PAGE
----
Income Equality Matters to All of Us

More and more reports tell us that income inequality in Canada is growing. The gap between the rich and the poor is getting wider while the number of quality jobs and public services is shrinking. Today it is estimated that over 4.5 million Canadians are living in poverty: 36% are aboriginal women, 35% are visible minority women, 21% are single mothers and 14% are older women. Saying these numbers out loud is chilling.

Infographic - Poverty and Income InequalityIn what has become a rite of passage for many immigrants, my family also got caught up in a vicious cycle of struggle for at least three years after arriving in Canada. The employer/landlord catch 22 became overly familiar: to get a job “we needed Canadian experience” and to find a place to call home we needed an employer on file to prove affordability. With very little money and no income at the time, finding affordable housing was a nightmare. Between short-term contracts and other survival jobs when we did find employment we never really had enough to cover our basic needs. If it was not worrying about money for food or rent it was negotiating between food and rent against education. Many times throughout those years our dreams had to be put on hold or were abandoned completely because our economic reality could not support them.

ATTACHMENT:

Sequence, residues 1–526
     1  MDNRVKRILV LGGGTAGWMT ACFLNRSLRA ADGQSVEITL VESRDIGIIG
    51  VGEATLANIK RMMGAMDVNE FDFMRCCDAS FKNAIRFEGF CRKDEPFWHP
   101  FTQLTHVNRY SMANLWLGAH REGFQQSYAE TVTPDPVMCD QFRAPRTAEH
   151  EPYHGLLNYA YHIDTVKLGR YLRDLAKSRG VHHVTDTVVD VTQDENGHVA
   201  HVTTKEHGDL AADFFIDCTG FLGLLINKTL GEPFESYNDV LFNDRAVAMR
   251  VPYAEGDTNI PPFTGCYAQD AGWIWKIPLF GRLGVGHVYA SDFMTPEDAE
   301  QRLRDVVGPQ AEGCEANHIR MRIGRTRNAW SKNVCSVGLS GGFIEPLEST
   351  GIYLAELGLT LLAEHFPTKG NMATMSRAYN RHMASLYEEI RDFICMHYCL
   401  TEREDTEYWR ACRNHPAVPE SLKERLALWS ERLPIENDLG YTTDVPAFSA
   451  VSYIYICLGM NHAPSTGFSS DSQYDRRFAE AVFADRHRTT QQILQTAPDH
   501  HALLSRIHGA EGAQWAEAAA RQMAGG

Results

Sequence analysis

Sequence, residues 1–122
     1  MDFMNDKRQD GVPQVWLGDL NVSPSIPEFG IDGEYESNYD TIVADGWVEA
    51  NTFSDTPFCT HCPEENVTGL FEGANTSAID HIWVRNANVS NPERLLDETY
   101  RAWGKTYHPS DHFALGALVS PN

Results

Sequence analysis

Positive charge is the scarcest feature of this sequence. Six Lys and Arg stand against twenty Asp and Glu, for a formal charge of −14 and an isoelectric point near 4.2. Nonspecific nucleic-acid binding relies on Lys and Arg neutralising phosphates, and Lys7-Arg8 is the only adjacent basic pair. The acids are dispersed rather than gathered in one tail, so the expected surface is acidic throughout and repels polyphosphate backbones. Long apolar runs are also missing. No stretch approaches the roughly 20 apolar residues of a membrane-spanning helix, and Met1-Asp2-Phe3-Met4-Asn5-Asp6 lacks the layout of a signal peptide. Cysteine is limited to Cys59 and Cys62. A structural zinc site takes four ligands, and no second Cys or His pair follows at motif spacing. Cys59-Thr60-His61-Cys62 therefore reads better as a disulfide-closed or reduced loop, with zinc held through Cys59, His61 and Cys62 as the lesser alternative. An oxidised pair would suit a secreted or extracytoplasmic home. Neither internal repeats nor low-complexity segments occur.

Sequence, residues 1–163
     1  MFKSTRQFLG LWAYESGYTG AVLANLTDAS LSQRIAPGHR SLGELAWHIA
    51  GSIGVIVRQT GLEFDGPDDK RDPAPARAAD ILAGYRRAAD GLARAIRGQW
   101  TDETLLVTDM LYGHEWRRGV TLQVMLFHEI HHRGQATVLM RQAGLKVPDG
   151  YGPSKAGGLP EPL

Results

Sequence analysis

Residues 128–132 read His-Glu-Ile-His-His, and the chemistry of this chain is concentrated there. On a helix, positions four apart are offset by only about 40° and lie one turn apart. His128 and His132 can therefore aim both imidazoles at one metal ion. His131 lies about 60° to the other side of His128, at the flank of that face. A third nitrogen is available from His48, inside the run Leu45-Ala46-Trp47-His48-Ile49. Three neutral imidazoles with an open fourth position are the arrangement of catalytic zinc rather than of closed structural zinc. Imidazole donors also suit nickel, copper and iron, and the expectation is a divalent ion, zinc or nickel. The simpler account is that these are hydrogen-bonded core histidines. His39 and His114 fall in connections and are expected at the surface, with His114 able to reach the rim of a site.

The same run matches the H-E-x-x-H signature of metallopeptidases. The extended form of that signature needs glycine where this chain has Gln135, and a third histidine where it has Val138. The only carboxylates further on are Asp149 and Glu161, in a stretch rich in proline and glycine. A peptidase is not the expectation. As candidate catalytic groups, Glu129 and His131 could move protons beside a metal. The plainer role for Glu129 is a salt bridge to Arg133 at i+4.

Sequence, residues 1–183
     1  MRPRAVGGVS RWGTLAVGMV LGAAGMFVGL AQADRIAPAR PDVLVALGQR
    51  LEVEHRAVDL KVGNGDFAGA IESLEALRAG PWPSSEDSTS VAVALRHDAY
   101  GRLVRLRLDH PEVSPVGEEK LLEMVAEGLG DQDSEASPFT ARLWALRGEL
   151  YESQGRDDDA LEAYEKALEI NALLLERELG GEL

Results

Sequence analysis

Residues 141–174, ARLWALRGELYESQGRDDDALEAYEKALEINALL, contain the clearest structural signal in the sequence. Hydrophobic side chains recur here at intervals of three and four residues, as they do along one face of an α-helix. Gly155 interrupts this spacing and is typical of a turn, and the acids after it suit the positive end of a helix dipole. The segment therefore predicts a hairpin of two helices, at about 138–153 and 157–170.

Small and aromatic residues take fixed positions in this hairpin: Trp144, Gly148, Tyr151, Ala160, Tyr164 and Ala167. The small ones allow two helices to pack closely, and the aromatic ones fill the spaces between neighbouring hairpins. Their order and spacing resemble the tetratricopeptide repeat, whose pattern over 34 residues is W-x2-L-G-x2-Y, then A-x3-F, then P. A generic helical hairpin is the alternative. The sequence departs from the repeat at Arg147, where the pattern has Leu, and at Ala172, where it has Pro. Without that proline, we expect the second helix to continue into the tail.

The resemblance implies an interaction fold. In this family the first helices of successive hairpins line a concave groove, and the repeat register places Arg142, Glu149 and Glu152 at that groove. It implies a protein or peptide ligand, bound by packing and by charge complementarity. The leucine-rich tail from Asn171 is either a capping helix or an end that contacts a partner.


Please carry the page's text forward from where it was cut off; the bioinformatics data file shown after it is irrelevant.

From experience, I know that poverty robs life so it does not surprise me that there is a negative relationship between income inequality and population health. A study by McMaster University found that the poorest residents in Hamilton, Ontario had a life expectancy that was 21 years lower than the wealthiest residents.

So in this federal election I ask, if all lives matter, if all our children matter, why are 21 years taken away from some members of our community?

To eliminate poverty and inequality requires action. We call on all federal part leaders to:

  • Create well-paying jobs
  • Build more affordable housing
  • Invest in programs that help women move out of poverty
  • Give every child the opportunity to thrive by investing in early childhood education and affordable child care
  • Respect women’s work and implement the necessary policies that ensure we are paid equally

Help build the political will to end income inequality.


Emma Namenya is the Executive Coordinator at YWCA Toronto.